Learn What Happened Today in Labor History: February 14

February 14, 1817: Anti-slavery activist Frederick Douglass was born on this date. (Check out the graphic novel about Frederick Douglass by comic book artist extraordinaire, David Walker) February 14, 1903: President Theodore Roosevelt signed a law creating the Department of Commerce and Labor. February 14, 1903: The Western Federation of Miners (WFM) went on strike for …

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Today in Labor History—February 13

February 13, 1635 – Boston Latin School was opened, the first public school in the United States. February 13, 1837 – A flour Riot occurred in New York City. 6,000 New Yorkers attending a “bread, meat, rent, and fuel” meeting in Chatham Square assaulted local flour merchants who they claimed were hoarding flour in order to drive …

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Today in Labor History January 2

Today in Labor History January 2, 1791: The Big Bottom massacre in the Ohio Country. After the American Revolutionary War, the U.S. government sold land in the Ohio Country, mostly to white-owned companies that promised to develop it. However, the land was already occupied by Lenape and Wyandot people, who attacked the interlopers, killing 14 settlers. This …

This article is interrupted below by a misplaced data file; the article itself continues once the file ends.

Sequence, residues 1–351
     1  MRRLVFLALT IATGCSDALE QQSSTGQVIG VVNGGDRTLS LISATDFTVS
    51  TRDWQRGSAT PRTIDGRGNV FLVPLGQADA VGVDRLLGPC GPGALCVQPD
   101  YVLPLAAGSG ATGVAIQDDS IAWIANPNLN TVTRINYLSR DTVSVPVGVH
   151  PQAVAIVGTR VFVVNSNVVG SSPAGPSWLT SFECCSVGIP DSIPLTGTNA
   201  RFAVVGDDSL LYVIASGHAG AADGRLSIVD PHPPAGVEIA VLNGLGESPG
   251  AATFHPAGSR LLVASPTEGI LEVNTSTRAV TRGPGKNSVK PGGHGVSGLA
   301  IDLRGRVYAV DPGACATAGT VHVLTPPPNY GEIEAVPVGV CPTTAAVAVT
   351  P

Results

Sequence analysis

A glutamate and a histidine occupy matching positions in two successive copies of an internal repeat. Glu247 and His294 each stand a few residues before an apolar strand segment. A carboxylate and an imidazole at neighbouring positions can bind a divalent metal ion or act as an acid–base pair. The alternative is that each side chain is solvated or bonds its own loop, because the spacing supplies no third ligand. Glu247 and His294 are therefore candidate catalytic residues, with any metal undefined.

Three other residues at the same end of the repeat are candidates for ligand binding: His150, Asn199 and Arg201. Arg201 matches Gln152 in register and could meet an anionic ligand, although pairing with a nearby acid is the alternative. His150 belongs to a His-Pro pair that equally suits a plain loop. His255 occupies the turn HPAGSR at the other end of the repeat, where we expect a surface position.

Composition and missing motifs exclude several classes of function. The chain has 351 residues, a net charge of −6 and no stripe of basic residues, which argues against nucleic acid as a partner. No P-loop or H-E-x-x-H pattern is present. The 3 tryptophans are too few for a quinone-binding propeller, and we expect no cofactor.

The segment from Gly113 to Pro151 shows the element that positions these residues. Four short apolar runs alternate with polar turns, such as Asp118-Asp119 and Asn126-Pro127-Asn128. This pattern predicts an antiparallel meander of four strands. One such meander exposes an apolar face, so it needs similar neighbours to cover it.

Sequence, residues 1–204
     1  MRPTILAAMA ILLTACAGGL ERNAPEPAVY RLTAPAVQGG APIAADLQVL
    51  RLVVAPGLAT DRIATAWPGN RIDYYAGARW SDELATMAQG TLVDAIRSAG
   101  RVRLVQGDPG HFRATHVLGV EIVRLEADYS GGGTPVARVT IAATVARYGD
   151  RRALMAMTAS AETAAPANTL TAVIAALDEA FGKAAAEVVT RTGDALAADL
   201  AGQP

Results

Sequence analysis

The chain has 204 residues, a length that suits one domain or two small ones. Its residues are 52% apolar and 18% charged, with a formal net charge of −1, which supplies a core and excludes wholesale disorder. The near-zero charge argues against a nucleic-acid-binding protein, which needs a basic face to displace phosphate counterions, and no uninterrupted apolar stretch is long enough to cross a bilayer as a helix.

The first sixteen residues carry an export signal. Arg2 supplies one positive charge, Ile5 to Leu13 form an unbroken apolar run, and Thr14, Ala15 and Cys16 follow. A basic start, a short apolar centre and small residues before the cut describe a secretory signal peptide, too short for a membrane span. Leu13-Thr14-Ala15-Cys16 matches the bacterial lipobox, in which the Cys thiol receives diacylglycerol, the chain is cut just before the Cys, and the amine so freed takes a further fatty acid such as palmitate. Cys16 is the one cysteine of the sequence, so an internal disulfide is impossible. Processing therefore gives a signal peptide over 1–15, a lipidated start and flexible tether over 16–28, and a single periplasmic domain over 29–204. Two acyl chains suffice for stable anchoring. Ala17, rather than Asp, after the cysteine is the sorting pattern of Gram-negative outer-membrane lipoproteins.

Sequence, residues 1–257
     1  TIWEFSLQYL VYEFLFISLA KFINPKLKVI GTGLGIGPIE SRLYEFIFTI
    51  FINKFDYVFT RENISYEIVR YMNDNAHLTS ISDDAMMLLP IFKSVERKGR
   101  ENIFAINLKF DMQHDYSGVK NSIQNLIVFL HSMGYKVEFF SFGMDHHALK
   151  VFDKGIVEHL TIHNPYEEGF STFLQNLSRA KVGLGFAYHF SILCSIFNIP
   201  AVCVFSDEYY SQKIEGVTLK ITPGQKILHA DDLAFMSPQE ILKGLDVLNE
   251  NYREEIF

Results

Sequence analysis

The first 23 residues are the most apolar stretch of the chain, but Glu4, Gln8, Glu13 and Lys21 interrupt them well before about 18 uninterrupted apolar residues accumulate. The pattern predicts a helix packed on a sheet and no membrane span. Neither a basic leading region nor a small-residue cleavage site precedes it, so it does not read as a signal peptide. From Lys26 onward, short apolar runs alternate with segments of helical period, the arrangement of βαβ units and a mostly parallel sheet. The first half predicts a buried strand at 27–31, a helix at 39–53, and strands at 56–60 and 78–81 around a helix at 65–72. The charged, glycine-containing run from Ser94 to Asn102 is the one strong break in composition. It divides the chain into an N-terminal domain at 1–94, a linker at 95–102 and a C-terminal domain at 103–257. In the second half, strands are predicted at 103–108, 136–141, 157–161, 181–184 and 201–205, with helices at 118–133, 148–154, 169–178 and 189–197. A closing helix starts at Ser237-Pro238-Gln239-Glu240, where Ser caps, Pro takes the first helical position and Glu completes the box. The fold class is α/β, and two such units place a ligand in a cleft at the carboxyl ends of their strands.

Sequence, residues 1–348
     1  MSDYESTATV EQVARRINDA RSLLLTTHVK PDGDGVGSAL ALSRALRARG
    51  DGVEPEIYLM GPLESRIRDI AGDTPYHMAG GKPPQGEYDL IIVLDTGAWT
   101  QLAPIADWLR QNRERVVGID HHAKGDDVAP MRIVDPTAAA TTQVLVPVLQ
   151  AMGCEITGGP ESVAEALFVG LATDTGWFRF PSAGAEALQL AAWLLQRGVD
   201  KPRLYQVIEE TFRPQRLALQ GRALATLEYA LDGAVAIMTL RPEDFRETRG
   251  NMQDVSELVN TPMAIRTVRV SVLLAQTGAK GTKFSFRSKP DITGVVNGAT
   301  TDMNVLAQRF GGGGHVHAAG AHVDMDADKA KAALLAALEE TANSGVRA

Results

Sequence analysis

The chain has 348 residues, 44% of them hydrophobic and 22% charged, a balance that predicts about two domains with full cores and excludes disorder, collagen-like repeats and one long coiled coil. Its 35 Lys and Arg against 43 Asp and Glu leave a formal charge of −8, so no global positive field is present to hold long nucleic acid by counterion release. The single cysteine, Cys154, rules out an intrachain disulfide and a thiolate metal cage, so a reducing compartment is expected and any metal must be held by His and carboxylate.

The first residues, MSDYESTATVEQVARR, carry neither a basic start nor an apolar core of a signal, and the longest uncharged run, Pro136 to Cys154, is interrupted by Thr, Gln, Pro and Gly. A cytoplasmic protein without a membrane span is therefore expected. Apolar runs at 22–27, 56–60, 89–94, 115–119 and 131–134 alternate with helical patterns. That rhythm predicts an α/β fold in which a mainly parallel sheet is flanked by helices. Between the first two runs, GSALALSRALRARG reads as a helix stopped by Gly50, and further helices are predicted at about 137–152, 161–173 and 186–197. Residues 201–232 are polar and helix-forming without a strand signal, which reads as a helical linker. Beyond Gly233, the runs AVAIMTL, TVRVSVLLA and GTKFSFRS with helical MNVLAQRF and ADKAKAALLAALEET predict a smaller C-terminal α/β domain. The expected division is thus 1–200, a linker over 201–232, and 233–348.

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Today in Labor History January 1

Today in Labor History January 1, 404: Saint Telemachus tried to stop a gladiator fight in a Roman amphitheatre, and the crowd stoned him to death. The Christian Emperor Honorius was so impressed that he issued a ban on all gladiator fights. 1700s Today in Labor History January 1, 1781: One thousand five hundred soldiers of the 6th Pennsylvania Regiment rebelled against …

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